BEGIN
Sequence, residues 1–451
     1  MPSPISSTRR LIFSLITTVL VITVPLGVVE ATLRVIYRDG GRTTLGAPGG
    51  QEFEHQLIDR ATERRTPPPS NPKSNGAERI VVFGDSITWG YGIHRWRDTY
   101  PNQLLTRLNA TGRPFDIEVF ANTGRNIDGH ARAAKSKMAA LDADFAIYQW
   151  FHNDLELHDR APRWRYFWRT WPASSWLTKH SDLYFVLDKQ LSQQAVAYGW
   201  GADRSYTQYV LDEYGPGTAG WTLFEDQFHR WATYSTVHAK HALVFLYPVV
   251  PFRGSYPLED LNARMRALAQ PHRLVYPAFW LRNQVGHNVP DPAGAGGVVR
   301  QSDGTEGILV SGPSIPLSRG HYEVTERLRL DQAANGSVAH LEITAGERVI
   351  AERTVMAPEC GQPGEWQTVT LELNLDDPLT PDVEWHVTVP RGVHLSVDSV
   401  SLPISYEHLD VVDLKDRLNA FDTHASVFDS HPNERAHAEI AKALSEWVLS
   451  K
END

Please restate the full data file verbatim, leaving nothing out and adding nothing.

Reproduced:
Sequence, residues 1–451
     1  MPSPISSTRR LIFSLITTVL VITVPLGVVE ATLRVIYRDG GRTTLGAPGG
    51  QEFEHQLIDR ATERRTPPPS NPKSNGAERI VVFGDSITWG YGIHRWRDTY
   101  PNQLLTRLNA TGRPFDIEVF ANTGRNIDGH ARAAKSKMAA LDADFAIYQW
   151  FHNDLELHDR APRWRYFWRT WPASSWLTKH SDLYFVLDKQ LSQQAVAYGW
   201  GADRSYTQYV LDEYGPGTAG WTLFEDQFHR WATYSTVHAK HALVFLYPVV
   251  PFRGSYPLED LNARMRALAQ PHRLVYPAFW LRNQVGHNVP DPAGAGGVVR
   301  QSDGTEGILV SGPSIPLSRG HYEVTERLRL DQAANGSVAH LEITAGERVI
   351  AERTVMAPEC GQPGEWQTVT LELNLDDPLT PDVEWHVTVP RGVHLSVDSV
   401  SLPISYEHLD VVDLKDRLNA FDTHASVFDS HPNERAHAEI AKALSEWVLS
   451  K